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Hollie Stephenson Interview

Hollie Stephenson Interview

By: Arti Keshwala

Pointless Rebellion I wrote when I was younger. It’s about watching my friend try desperately to emulate that girl all the girls wanted to be, and all the boys wanted.

AS: Hollie how are you? What’s is it like to be releasing your first single Pointless Rebellion? 

HS: It's one of the earlier songs, so it's nice that it's the first release. 
 

AS: What inspired you to write Pointless Rebellion?

HS: Pointless Rebellion I wrote when I was younger. It's about watching my friend try desperately to emulate that girl all the girls wanted to be, and all the boys wanted. This is because she was that, when I met her—you know how secondary school can be. However, she really started to go off the wall, abusing substances to suppress what she didn't feel she could express to anyone—she didn't want to talk about what was happening in her life. And what she was doing was pointless in the sense it wasn't going to change things or make anything better. It was a rebellion—a cry for help.

 

AS: What can people expect from your album that you will be releasing in August?

HS: I don't know, I find it hard to evaluate my music objectively because there is so much of myself in it. Probably best for people to buy and have a listen, hopefully they'll like it!

 

AS: How would you describe your single ‘Pointless Rebellion’?

HS: I would describe it as an upbeat song, but lyrically it's a sad story. Musically, it's a motown, ska crossover.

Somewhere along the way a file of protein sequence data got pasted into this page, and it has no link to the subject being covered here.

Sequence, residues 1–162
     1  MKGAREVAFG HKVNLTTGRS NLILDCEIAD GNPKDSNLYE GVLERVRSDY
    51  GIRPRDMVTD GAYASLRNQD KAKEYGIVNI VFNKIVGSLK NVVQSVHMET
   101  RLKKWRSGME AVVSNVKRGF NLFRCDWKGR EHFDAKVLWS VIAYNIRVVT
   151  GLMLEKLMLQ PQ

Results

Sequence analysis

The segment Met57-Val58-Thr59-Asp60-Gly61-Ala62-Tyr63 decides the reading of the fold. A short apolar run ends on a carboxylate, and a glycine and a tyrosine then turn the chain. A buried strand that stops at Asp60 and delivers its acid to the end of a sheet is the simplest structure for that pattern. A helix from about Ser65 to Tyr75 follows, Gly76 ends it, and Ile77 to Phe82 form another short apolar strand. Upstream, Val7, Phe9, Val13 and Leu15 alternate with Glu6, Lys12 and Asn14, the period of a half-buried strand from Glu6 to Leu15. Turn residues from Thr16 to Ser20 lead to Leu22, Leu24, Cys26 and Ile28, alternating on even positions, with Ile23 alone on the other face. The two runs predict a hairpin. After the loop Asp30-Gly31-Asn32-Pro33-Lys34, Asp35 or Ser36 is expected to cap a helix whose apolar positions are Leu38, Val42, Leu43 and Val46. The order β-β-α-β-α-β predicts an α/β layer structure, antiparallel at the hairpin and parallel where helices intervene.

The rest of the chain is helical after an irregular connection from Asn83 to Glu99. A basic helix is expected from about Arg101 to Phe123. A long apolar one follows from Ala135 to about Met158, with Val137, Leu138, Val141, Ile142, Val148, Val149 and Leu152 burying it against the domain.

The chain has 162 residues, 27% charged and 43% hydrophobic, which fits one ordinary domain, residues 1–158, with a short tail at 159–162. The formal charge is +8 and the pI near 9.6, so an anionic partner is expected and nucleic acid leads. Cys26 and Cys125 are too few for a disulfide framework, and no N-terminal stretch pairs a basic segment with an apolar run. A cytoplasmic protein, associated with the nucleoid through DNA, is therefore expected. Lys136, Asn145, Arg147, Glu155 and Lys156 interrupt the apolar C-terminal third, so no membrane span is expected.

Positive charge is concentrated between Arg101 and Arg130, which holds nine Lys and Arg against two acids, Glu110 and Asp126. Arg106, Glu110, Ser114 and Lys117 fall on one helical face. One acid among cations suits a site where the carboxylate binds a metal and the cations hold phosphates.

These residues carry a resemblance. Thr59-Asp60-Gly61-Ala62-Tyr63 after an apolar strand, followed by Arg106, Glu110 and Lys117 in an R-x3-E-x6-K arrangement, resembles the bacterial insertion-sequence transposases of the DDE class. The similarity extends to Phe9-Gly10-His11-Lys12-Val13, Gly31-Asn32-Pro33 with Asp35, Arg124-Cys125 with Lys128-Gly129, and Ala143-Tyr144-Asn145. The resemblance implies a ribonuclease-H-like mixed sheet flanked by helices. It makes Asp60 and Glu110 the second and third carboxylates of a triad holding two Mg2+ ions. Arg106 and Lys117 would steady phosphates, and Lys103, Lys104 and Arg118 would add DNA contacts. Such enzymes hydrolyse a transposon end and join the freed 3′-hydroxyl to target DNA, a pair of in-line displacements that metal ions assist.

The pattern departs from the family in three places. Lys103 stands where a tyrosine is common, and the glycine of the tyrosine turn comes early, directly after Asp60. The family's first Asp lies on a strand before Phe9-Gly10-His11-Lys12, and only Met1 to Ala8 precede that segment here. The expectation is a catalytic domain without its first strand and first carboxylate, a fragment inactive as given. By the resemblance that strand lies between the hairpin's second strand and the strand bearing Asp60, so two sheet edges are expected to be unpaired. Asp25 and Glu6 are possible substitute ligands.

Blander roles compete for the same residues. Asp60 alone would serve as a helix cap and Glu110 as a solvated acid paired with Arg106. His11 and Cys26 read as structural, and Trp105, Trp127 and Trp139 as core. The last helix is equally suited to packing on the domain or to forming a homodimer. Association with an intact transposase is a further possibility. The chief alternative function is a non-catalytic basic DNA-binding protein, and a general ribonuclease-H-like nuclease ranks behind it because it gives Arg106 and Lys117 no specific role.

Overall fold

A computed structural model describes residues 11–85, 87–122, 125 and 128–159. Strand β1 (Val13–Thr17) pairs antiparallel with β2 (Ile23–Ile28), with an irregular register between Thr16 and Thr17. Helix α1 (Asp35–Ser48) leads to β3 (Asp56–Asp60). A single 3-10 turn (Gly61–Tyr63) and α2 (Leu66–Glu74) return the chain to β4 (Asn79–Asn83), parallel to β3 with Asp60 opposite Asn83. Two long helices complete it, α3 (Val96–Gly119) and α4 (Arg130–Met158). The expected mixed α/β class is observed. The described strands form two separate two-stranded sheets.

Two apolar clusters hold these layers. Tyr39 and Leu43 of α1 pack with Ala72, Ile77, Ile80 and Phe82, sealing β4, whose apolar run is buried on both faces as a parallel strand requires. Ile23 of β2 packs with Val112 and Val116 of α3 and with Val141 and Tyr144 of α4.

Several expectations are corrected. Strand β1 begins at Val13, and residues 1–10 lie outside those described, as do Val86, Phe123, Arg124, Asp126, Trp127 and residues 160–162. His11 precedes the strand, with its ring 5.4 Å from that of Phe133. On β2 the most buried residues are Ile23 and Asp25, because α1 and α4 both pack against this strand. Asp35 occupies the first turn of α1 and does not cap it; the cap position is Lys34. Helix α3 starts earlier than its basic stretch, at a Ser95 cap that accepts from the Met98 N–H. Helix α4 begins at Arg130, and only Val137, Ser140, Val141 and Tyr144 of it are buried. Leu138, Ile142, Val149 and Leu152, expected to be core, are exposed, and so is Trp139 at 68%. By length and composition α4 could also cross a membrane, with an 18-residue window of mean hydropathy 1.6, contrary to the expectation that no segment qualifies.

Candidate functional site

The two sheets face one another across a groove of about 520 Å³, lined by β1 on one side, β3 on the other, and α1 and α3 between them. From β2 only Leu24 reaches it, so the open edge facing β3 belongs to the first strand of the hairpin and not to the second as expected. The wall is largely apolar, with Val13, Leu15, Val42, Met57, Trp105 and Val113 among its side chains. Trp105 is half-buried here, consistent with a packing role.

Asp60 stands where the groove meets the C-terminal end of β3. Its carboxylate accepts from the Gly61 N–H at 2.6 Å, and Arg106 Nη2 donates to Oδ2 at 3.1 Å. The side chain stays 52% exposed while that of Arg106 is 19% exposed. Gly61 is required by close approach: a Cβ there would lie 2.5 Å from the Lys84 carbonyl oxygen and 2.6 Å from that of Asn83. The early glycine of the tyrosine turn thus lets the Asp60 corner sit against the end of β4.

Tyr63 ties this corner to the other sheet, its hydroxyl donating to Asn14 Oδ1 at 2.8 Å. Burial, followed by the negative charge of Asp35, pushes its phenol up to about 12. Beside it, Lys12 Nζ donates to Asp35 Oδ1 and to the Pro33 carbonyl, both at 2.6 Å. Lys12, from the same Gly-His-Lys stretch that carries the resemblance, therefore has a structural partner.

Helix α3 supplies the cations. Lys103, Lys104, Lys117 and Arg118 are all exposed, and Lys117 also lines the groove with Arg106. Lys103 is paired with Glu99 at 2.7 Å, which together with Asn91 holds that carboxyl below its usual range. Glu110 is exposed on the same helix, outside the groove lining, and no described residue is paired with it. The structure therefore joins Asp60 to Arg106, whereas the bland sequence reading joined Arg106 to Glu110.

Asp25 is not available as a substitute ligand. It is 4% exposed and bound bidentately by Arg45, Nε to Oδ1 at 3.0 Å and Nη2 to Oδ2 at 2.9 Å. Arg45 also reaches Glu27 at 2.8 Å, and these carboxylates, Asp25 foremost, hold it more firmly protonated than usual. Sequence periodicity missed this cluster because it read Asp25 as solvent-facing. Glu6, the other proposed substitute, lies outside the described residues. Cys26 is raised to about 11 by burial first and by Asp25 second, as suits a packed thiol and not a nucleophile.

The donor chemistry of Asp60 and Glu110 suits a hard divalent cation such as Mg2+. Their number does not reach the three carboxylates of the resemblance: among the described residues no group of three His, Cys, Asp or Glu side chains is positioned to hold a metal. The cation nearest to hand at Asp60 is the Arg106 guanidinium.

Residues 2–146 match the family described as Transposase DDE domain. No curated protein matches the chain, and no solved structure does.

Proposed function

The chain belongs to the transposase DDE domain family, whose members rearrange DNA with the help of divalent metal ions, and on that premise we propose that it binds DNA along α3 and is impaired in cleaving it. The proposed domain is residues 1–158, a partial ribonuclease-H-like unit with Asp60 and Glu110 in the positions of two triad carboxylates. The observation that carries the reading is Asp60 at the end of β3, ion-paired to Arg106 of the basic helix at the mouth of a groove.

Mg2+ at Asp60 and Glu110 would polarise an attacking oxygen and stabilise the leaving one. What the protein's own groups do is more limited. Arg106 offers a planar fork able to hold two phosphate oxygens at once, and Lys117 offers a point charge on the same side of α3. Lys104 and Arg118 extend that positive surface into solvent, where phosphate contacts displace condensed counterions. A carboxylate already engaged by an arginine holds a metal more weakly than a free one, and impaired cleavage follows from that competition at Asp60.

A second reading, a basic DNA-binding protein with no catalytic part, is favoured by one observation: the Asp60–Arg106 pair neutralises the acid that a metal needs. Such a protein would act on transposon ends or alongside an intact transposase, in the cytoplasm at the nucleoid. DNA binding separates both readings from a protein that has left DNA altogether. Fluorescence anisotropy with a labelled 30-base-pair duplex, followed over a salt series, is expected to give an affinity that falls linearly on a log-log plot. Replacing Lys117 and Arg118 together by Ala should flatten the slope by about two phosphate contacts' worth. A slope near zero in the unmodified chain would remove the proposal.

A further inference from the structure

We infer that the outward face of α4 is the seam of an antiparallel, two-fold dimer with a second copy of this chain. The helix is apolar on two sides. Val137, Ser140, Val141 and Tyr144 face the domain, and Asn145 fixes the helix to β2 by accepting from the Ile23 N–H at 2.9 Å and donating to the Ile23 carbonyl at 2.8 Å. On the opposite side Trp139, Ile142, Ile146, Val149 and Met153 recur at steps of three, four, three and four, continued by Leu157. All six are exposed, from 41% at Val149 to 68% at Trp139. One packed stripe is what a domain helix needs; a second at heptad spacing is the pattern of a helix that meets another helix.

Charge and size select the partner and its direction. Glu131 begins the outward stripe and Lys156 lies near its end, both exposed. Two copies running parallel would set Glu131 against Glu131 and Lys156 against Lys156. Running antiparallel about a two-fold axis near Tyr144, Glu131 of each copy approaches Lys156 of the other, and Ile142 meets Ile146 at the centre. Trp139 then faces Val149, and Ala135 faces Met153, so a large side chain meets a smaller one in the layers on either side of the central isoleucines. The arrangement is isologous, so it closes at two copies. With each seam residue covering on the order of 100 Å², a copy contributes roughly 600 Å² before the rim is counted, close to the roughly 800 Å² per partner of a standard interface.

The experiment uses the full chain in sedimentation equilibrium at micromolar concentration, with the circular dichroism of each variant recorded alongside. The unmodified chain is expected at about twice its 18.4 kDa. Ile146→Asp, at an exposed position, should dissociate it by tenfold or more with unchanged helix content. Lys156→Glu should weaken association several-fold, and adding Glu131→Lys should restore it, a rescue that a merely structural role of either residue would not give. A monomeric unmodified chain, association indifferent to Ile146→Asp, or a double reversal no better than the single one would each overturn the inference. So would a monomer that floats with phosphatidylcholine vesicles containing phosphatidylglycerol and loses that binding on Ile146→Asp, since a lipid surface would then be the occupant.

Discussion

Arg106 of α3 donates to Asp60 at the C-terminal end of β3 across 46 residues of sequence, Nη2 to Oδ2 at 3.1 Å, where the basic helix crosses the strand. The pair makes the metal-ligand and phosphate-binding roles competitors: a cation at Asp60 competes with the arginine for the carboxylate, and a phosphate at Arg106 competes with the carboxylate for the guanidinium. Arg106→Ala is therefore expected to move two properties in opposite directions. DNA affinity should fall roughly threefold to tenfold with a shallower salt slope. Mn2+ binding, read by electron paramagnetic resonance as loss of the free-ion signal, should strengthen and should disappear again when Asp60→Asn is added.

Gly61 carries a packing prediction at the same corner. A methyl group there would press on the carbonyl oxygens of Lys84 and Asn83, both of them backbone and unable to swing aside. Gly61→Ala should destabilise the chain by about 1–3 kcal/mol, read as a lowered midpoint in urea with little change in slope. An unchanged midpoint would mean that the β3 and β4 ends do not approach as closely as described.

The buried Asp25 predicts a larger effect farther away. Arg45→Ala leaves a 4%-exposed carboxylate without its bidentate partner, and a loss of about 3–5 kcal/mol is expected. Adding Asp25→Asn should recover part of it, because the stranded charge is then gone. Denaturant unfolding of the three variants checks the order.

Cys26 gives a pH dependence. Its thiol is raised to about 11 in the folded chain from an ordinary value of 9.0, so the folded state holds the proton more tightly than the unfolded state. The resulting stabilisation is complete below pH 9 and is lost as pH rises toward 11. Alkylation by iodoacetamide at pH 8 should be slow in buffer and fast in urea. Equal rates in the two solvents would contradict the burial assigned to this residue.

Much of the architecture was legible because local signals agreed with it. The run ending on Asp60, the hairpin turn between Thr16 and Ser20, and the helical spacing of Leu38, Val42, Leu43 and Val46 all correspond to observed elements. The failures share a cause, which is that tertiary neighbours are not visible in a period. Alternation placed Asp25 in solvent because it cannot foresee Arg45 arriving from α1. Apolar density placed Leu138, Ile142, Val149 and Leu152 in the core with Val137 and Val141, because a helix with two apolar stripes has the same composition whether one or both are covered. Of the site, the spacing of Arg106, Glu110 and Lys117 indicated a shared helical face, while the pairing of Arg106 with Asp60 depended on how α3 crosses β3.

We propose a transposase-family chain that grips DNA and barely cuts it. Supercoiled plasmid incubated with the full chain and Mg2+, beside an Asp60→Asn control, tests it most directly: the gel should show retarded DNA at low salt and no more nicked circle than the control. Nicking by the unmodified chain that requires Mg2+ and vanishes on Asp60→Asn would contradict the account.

AS: As a young singer/songwriter, what do you enjoy or take satisfaction from?  

HS: I love writing songs about things that distress, confuse or upset me, and then be able to sing them. It's a very cleansing feeling, getting it out of my system. It's always nice to channel anything negative into something positive and constructive, rather than sit around moping about it all day. Until I write the song, that's what I'm doing.

 

AS: How did you decide what songs you would write next for your debut album?

HS: It wasn't a decision. I write spontaneously, so whatever I feel I need to unbottle inside of me I write about. The songs are just about things I witness or fall victim to. I write it down, strumming a few chords as I go.

 

AS: What inspired you to start singing?

HS: I've always sang because I thought it was the done thing. I've always got music playing, and a full orchestra stuck in my head. I would always sing, there hasn't been a time when I haven’t, so nothing had to inspire me to start with.

 

AS: How would you describe your music?

HS: I'd describe my music as a distorted reflection of what I listen to. I can't tell you it's reggae, jazz, blues, soul, or Motown, because it's influenced by all of these things. I haven't really written a song that is strictly just one of these genres. My music is an expression of myself. 

 

AS: What was it like making your first album?

HS: It was amazing! I was working with so many phenomenal musicians. I've met some of the greatest people I ever will, and to be able to work on something that I care so much about with people who are just as passionate, is really beautiful. 

 

AS: What was your favourite song to write on your debut album?

HS: Sunday Morning—and only because I thought I would never write a song again. I was sure that if I did, it would be shit so it was really a relief when I wrote those lyrics, and I'm very proud of this one.

 

AS: Will you be going on tour once your album is released?

HS: Yeah, across the UK to begin with, then just see where the wind takes us.

 

AS: If you could, which venue would you love to perform your album at?

HS: Where the sound is good and the people want to be there. 

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